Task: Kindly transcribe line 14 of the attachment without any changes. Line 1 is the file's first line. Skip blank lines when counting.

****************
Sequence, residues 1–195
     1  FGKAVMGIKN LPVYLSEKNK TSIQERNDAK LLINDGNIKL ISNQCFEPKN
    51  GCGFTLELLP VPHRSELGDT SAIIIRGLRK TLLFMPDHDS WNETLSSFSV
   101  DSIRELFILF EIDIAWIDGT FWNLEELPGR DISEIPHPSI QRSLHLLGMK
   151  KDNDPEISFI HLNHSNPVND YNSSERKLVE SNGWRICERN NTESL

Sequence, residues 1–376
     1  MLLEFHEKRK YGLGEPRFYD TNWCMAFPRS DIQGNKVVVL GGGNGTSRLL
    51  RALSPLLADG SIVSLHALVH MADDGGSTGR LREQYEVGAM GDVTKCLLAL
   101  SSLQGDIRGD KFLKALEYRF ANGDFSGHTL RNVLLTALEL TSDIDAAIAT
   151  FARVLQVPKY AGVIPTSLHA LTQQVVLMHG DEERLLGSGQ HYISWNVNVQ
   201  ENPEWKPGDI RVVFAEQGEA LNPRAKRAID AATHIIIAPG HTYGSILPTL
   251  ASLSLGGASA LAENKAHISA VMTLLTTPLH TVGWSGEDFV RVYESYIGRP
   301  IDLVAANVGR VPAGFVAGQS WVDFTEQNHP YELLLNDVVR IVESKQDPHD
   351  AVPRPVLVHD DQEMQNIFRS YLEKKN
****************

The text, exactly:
   351  AVPRPVLVHD DQEMQNIFRS YLEKKN